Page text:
Saturday, 30 July 2016

FIMA tells Muslim healthcare experts to practice Prophetic Medicine (Tibb Nabawi) to bridge the gap

 The 33rd Federation of Islamic Medical Associations (FIMA) International Conference was hosted by the Islamic Medical Association of Nigeria (IMAN) in Abuja, Nigeria.

The event coincided with IMAN's 17th Annual General Meeting and Scientific Conference.

The FIMA Conference had as its theme “Eradication of Communicable Diseases: West African and Nigerian Experience” considering the recent major outbreaks of Ebola in West Africa, Lassa Fever in Nigeria, and now the much-feared Zika across the Atlantic in Latin America.

The conference brought together about international Muslim health professionals from FIMA member countries such as Pakistan (base of FIMA President, Dr. Tanveer Zubairi), Indonesia, Palestine, Malaysia, Bangladesh, North America, Turkey, Uganda, Algeria, Niger Republic, Lebanon, South Africa, Sudan and more than 500 delegates from the host, Nigeria, led by its President, Dr. Salisu Isma’il of Usmanu Danfodio University Teaching Hospital, Sokoto.

During the scientific sessions, a total of 28 papers were presented organised while two professional seminars were organised by the Islamic Hospital Consortium (IHC) and ‘Consortium of Islamic Medical Colleges’ (CIMCO). Furthermore, a 2-day Students’ Leadership Training Programme was organised for students of Nigerian health institutions.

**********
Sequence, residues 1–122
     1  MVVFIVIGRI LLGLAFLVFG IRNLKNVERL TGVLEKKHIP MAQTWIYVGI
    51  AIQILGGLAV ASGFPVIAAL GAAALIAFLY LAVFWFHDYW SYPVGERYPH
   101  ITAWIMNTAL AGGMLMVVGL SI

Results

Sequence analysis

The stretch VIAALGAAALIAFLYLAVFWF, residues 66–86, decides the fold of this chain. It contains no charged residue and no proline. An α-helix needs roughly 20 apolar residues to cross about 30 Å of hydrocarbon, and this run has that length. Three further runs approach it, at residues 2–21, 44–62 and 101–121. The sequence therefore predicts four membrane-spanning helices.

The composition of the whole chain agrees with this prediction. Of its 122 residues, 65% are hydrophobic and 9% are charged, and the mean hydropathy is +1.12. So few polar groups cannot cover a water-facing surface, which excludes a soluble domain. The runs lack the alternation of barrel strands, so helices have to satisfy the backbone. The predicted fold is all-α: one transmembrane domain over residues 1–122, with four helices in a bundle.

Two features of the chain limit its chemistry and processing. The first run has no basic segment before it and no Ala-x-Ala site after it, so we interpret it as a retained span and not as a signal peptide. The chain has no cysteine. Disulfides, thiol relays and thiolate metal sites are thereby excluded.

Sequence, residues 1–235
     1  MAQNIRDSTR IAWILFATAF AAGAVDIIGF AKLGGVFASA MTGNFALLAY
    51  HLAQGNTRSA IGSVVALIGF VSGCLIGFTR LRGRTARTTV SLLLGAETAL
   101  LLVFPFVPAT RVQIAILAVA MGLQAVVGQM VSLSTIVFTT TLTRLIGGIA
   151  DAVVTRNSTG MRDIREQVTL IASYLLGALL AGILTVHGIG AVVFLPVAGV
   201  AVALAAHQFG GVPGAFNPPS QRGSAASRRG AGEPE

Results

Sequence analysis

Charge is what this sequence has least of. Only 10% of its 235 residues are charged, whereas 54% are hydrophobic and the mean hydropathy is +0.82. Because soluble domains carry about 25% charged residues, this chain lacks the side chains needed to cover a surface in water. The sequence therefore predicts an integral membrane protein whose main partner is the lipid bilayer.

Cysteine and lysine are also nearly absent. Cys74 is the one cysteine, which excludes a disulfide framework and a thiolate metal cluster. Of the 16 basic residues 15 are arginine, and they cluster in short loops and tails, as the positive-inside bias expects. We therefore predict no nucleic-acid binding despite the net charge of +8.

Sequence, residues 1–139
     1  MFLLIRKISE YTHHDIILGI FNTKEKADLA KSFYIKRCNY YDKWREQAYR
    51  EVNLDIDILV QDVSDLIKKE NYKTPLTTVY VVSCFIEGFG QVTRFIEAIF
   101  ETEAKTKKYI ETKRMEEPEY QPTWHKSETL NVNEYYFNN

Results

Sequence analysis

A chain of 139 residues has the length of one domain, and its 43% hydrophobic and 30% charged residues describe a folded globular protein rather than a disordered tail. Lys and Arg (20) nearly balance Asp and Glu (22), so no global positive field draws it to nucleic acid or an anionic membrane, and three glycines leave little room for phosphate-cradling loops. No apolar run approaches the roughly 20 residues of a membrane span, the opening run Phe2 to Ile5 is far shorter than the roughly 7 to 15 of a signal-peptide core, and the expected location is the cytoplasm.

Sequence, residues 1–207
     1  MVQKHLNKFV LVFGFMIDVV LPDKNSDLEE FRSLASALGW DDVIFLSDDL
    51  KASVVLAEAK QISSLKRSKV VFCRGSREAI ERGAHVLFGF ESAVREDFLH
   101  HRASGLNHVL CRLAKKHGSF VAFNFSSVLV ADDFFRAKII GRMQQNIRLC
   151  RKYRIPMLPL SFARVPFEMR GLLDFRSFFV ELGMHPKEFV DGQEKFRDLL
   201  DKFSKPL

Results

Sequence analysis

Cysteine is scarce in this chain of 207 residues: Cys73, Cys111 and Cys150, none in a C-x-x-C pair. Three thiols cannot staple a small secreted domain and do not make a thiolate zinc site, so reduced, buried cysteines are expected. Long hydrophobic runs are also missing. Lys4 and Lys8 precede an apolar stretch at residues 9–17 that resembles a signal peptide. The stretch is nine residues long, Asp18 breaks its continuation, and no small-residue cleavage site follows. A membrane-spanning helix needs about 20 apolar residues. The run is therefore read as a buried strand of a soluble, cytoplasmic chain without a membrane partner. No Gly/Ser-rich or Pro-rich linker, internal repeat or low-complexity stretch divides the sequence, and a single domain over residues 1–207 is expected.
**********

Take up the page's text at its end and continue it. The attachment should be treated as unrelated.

The opening address of the conference was by the Sultan of Sokoto Muhammad Sa’ad Abubakar, who is the Grand Patron of IMAN. The Sultan called on Muslim health professionals to do all their duties only for the sake of Allah and the expected divine rewards, and not for worldly gain. He further called on them to avoid unnecessary strikes, as strikes only succeed in alienating health professionals from the people, their patients. He added that the health and wellbeing of the society should be paramount in all health professionals do, and that would only be possible if they are dedicated to their work.